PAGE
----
Both networks are handicapped by not having their own reporting teams. They must depend on CBC and CTV network reporters and their availability. CBC and CTV networks have too few reporters to do the job for themselves, let alone staffing their all-news cousins. All-news in Canada has been a scam on the public. The stations were created as a way to raise money by subscription for the main networks without having to be a properly staffed news organizations. Last year CBC NN, or Newsworld as it was called, made over $60 million for CBC with few viewers and little of interest on the air. CTV News Network, with even fewer viewers, less than a typical Blue Jays – Orioles crowd, managed to bring in $15 million. The reason for the big profits are twofold, first the “must carry” designation. Cable and satellite companies must make the news channels available to all their customers. Second, every subscriber pays a monthly subscription fee, whether they watch the channels or not. Next year they lose their “must carry” status and it will be interesting to see if they can survive in a real marketplace where viewers actually have a choice.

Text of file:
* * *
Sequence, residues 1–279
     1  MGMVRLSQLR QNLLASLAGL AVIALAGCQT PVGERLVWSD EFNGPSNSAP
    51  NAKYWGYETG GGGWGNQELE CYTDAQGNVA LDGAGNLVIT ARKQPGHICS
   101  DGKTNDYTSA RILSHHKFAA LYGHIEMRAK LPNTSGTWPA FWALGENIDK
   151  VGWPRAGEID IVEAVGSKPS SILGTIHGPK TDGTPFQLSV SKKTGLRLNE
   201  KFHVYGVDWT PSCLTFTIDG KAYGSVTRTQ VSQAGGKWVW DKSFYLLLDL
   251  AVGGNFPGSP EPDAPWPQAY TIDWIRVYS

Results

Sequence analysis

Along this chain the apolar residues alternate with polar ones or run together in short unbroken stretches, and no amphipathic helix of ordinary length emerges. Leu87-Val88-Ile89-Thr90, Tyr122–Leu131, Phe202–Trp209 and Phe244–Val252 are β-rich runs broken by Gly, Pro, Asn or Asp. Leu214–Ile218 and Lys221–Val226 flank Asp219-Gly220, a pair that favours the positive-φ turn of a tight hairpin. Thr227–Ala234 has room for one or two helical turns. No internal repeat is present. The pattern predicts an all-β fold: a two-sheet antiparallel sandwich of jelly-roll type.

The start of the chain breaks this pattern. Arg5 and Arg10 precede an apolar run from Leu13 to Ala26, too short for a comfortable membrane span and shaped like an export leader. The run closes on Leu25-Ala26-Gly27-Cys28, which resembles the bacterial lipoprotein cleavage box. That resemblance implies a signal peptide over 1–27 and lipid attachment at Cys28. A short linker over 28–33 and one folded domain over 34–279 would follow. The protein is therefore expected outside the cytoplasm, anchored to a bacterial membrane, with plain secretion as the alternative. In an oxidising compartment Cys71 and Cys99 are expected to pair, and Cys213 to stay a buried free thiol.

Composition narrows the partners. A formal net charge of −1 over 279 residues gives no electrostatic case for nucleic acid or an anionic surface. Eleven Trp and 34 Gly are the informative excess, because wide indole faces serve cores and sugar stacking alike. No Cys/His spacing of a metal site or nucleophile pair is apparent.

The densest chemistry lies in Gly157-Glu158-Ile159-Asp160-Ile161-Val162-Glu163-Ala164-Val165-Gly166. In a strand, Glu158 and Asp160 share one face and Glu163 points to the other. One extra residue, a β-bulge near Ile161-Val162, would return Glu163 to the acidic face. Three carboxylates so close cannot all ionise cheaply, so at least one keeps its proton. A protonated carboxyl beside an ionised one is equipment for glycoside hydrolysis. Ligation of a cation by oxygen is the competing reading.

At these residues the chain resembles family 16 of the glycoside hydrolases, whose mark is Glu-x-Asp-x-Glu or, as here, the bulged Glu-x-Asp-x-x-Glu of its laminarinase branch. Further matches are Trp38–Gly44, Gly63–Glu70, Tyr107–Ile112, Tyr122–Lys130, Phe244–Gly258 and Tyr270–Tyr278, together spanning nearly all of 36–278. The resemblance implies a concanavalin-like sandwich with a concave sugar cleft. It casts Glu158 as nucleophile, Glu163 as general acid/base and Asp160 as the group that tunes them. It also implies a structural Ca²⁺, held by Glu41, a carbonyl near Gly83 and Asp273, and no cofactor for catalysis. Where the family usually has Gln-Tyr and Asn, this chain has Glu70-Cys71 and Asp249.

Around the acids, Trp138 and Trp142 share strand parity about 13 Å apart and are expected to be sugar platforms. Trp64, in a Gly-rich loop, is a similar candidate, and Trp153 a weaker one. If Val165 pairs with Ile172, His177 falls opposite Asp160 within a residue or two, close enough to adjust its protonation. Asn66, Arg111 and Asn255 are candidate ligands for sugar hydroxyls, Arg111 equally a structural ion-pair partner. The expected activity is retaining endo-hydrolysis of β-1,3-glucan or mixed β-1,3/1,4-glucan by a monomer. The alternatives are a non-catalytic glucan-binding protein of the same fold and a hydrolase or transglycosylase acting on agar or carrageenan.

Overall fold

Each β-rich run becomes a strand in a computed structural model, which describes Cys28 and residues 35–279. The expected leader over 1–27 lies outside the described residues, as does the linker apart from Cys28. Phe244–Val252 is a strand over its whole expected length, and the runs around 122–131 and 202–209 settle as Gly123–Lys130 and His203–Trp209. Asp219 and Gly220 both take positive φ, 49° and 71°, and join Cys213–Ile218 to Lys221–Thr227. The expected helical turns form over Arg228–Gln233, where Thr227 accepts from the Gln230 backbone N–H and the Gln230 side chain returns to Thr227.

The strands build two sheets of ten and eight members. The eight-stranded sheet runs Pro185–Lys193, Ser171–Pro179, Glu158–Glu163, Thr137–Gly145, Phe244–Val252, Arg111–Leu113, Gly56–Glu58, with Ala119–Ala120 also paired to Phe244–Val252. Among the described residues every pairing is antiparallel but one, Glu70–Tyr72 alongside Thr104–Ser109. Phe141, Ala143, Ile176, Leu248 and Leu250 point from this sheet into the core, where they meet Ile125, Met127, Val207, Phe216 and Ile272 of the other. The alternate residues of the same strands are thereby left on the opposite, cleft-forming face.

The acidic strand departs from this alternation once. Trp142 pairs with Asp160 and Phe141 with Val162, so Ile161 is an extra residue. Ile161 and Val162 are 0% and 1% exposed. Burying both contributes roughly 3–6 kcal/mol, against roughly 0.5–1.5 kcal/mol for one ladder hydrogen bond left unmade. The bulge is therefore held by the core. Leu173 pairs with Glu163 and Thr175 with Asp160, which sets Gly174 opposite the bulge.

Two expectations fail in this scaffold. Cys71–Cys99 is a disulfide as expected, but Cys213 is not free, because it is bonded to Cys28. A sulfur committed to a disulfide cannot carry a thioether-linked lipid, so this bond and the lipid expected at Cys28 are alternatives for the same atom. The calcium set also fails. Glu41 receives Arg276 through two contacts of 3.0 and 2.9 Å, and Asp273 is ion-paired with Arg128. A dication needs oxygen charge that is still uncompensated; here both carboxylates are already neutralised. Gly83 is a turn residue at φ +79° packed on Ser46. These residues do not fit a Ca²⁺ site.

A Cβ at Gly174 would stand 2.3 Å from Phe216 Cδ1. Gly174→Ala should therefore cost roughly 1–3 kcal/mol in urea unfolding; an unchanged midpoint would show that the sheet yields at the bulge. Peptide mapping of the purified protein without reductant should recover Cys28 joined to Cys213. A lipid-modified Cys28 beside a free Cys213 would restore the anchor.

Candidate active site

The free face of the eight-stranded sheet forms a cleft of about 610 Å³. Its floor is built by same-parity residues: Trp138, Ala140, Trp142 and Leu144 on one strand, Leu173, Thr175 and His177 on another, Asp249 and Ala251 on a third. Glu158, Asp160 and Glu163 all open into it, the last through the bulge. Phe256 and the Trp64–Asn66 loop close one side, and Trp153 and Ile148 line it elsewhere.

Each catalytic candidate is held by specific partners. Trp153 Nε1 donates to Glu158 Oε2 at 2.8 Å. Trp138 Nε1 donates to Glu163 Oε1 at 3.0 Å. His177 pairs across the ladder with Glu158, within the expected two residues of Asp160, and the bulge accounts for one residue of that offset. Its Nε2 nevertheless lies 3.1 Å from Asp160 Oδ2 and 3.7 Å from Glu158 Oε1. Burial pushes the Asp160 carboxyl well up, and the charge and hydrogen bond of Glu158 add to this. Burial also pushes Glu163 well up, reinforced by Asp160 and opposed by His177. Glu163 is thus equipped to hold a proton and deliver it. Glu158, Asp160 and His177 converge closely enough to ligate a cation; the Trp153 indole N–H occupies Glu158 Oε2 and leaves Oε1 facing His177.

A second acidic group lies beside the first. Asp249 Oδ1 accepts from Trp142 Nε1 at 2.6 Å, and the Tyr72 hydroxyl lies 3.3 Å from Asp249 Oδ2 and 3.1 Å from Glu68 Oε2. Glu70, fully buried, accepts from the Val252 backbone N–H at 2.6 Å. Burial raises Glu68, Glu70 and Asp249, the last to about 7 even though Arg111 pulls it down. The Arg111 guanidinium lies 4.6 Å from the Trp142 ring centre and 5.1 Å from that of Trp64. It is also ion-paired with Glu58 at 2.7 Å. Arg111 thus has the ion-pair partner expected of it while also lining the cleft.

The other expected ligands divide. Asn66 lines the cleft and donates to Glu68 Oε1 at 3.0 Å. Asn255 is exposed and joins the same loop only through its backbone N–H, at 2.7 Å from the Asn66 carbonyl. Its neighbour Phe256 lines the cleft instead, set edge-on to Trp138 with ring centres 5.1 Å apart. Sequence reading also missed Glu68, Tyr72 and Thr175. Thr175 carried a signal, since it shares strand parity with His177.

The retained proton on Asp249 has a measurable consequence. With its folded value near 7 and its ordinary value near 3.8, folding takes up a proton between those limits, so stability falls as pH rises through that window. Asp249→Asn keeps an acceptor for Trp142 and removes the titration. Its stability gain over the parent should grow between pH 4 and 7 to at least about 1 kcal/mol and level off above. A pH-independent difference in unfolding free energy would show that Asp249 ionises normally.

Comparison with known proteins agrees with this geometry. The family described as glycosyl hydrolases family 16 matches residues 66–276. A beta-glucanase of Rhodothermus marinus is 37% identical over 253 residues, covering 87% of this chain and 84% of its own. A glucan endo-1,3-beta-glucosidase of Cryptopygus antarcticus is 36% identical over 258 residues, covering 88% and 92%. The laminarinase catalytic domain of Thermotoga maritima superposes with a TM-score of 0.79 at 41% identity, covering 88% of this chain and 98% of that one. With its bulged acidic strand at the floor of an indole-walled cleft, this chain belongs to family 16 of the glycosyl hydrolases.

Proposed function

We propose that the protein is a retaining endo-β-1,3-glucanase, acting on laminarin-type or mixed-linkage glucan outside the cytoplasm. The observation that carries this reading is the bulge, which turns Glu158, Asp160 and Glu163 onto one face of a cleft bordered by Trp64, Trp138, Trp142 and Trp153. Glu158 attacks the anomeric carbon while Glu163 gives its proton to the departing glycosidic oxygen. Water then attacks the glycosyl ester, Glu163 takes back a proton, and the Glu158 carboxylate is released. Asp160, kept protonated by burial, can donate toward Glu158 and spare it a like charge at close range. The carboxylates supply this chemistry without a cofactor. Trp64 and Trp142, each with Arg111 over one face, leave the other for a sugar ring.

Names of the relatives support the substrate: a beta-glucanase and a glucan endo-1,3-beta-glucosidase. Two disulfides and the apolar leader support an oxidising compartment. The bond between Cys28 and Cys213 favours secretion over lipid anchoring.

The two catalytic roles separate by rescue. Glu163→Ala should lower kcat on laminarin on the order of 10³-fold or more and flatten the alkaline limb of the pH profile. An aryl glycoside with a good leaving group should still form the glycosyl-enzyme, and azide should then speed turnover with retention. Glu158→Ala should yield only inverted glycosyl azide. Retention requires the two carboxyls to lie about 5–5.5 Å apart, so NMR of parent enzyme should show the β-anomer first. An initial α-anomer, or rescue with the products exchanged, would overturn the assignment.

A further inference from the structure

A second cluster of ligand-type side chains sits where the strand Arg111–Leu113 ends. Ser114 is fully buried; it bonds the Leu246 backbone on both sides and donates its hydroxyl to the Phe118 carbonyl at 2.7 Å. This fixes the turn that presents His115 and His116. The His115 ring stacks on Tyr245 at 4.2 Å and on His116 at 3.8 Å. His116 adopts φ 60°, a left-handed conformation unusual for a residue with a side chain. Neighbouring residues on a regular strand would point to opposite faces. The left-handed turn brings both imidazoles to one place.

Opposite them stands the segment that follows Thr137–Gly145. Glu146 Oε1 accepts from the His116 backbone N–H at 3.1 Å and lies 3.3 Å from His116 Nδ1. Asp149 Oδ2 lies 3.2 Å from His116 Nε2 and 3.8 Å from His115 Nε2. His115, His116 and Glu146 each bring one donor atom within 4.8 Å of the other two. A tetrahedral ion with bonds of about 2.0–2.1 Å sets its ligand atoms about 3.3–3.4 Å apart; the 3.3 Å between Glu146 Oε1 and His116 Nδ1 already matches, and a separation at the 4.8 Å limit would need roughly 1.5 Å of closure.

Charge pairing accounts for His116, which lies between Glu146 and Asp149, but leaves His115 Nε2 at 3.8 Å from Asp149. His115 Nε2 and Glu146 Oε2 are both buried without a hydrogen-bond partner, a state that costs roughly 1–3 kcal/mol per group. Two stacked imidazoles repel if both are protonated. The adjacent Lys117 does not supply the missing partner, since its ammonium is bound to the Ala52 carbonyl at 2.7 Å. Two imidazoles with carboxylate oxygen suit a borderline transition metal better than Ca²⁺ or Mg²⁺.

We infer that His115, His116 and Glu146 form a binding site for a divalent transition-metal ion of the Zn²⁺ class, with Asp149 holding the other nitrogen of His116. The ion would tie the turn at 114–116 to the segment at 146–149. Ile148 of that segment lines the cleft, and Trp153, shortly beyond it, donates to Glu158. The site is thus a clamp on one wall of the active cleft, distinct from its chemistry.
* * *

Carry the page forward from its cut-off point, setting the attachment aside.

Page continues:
So Sun TV News plans to fill the void that CBC NN and CTV News Network are leaving. Their argument is that since Fox, CNN and MSNBC have so many viewers in the United States and CBC NN and CTV News Network have so few viewers in Canada there must be an audience for real all-news and talk TV here. They believe Sun TV News will be the station to capture that audience.